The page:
Healthcare Security: Ransomware Plays a Prominent Role in COVID-19 Era Breaches
Ransomware is the root cause in a majority of the healthcare breaches analyzed.
As the ongoing COVID-19 pandemic continues to place unprecedented strain on global healthcare infrastructure, attackers are finding what was already an attractive target even more enticing. This unfortunate scenario has greatly expanded the attack surface for these malicious parties with the introduction of greater demand for remote services like telehealth, COVID-19 contact tracing app data, demand from medical manufacturing companies, and a race for medical research facilities to find a cure. An analysis of publicly disclosed breach data by the Tenable Security Response Team (SRT) reveals 237 breaches in the healthcare sector in the calendar year 2020. And the activity looks set to continue unabated in 2021, with 56 breaches already disclosed as of February 28. One finding is clear: ransomware attacks are not going away anytime soon.
The Tenable SRT monitors threat and vulnerability intelligence feeds to help drive and prioritize plugin coverage for Tenable products as well as keeping customers informed of the risks associated with vulnerabilities. For additional context, the team also monitors and tracks publicly disclosed breaches to understand how and when vulnerabilities are a factor. The Tenable 2020 Threat Landscape Retrospective (TLR) revealed a total of 22 billion records exposed as a result of 730 publicly disclosed breaches between January 2020 and October 2020, with healthcare being by far the most affected industry sector.
This comes as no surprise given the critical role healthcare infrastructure has had as a result of the COVID-19 pandemic.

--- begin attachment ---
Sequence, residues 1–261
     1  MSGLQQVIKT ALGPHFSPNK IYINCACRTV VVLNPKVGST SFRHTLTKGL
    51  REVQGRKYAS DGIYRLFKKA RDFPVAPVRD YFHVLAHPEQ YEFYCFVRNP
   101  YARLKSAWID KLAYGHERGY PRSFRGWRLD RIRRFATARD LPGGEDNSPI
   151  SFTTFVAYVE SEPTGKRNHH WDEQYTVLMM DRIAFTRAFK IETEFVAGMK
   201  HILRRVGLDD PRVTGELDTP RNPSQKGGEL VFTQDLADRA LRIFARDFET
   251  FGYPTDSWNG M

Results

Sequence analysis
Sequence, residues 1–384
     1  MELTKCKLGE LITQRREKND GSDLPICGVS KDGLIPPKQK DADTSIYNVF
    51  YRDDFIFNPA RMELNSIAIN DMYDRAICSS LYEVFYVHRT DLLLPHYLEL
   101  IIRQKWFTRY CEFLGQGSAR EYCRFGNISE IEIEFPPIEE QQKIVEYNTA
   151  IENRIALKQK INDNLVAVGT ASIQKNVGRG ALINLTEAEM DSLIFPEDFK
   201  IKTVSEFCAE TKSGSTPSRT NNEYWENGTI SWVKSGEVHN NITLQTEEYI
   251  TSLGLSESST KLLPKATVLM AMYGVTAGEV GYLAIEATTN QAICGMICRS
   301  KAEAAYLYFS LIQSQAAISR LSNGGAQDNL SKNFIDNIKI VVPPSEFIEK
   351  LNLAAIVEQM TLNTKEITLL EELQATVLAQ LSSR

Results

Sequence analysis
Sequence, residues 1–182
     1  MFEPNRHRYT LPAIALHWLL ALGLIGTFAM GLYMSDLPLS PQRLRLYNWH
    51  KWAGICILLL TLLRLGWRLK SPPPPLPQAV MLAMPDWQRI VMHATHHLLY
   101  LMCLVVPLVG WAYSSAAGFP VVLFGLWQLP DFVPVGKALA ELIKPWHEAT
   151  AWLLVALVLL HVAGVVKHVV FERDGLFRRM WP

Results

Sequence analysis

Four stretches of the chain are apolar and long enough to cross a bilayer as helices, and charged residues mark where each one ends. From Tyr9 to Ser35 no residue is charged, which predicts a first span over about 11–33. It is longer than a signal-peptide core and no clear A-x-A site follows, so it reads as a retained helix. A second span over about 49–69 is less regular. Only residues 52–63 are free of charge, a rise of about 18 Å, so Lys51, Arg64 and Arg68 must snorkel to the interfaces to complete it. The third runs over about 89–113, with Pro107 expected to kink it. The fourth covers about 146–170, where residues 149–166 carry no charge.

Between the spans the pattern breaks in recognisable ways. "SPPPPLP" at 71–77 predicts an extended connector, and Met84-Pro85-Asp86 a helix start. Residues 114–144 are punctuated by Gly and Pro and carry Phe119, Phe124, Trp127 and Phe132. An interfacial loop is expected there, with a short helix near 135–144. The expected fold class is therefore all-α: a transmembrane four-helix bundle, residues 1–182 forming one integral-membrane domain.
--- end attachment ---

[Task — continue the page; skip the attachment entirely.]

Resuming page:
Breaches have long been a profitable business for threat actors, as highlighted in IBM's 2020 Cost of a Data Breach Report, which notes the average cost of a breach at $3.86 million. If that number weren't incentive enough for threat actors, the average cost of a breach for healthcare specifically was $7.13 million, with personally identifiable information (PII) valued at $150 per record making the industry a prime target.
Given the particular importance of the healthcare sector at a time of global pandemic, we felt it was important to expand on the original analysis provided in the TLR, which was limited by our publishing deadlines. In this blog, we examine the full 12 months of publicly disclosed breaches in 2020 and take a closer look at activity we've seen in the first two months of 2021. We've analyzed 293 breaches in the healthcare sector which were publicly disclosed between January 2020 and February 2021; records were confirmed to have been exposed in nearly 93% of these breaches. One obstacle with accurately tracking breaches is that public disclosures can occur days, months or even years after the event itself and, even then, the level of detail available may be scant. Of the 293 breaches known to have exposed records in the 14-month period we analyzed, 57.34% of the affected organizations have publicly disclosed how many records were exposed. The number of records exposed in this period reached a total of nearly 106 million records; 76.45% of these were disclosed in 2020. (Editor's note: At the time this blog was published, the ramifications of CVE-2021-26855, CVE-2021-26857, CVE-2021-26858 and CVE-2021-27065, four actively exploited Microsoft Exchange Server zero-days, are just beginning to emerge; Tenable Research is closely following developments related to this disclosure.)